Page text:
• Pets: If you have pets, especially a big furry dog-pal, keeping the humidity low is crucial. Thanks to the extra fur, pets have a harder time cooling down during the summer, and they risk heat strokes (5). Because of this, we recommend a large dehumidifier or whole-house dehumidifier. This will create a comfortable space for your furry friends.


What Size Dehumidifier Do I Need in My Basement?

When deciding on the right size dehumidifier for your basement, there are two factors to consider: square footage and conditions. Basements can be quite damp in general, so it can be beneficial to choose a larger capacity. Apart from that, you must measure the length and width of the basement to see what size would fit.

Is It Possible to Use a 70-Pint Dehumidifier When Only 30 Pints Are Required?

It’s certainly possible — a 70-pint dehumidifier won’t harm you or the room. However, it might be quite loud in small areas. Additionally, using a large capacity unit in a small area will dehumidify the room quicker, so you can save energy.

Do I Need a Dehumidifier for Each Room?

It depends on the rooms’ location and if there are several floors. If you need a dehumidifier in your apartment, one should be sufficient as long as it has access to all rooms. You can keep the doors open so the dehumidifier can draw air from all rooms.

If you live in a multi-story house, consider a whole-house dehumidifier or one for each floor. Again, ensure the unit can access all rooms by keeping doors open. You can also choose an easy-to-carry portable dehumidifier that you can move around when needed.

Is It Better to Get a Bigger Dehumidifier?

Theoretically, yes, and here’s why: A larger dehumidifier will work faster at drawing moisture out of the air. Therefore, you get to turn it off quicker, thus, saving energy.

On the other hand, larger dehumidifiers tend to be significantly louder. So, a 70-pint unit for a small bedroom might be too loud to run while you’re present.

Is a Small Dehumidifier Expensive to Run?

A small humidifier is not expensive to run. It uses as much power as running a dishwasher for 30 minutes or running a standard laptop. It needs far less electricity than a steam iron or kettle.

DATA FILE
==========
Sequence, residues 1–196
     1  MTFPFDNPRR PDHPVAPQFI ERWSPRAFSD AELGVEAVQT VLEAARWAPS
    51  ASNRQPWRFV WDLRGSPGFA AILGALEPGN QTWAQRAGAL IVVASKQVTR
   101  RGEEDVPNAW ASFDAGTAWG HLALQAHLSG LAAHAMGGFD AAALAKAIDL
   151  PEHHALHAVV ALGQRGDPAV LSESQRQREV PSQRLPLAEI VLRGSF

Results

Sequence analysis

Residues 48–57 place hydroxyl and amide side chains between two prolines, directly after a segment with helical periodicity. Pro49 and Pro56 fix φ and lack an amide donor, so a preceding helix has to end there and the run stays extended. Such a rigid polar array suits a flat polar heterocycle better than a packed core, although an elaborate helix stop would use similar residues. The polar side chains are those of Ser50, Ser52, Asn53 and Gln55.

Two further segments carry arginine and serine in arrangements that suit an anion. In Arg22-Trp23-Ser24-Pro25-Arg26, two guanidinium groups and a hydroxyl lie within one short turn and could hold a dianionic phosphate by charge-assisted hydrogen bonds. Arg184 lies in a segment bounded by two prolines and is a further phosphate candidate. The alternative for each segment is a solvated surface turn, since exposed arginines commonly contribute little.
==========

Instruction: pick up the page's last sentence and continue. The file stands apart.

What is the Average Lifespan of a Dehumidifier?

The average lifespan of a dehumidifier depends on the type and brand. A whole house humidifier lasts between five to eight years, while a portable model lasts three to five years.

Is It OK to Leave a Dehumidifier on All Day?

It is okay to leave your dehumidifier on all day, but be aware that it could dry out the air and cause health side effects that are as bad as breathing damp air.

Getting It Right

Dehumidifiers are available in various sizes, making it tricky to find the right one for you. The size of the dehumidifier refers to its capacity in pints, which shows how many pints of moisture it can remove. Common sizes include 30-, 50- and 70-pint. However, it’s also possible to find 20-, 40-, 45- and 100-pint units.

Before settling on a size, you must consider how large the space is and the conditions within it. You can quickly figure out the square footage by multiplying the length and width of the room. In addition, you must consider how humid your home or space is and then choose accordingly.

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About the Author

Matthew Sullivan

Matthew Sullivan is a technical writer with over 15 years of hands-on experience in the realm of HVAC, humidity, air purification, and mold prevention. With a background rooted in mechanical engineering, Matthew seamlessly blends the intricate world of technicalities with the everyday challenges that homeowners and businesses face. His vast expertise has led him to collaborate with leading HVAC manufacturers, consult on cutting-edge air purification systems, and become a sought-after voice on mold mitigation.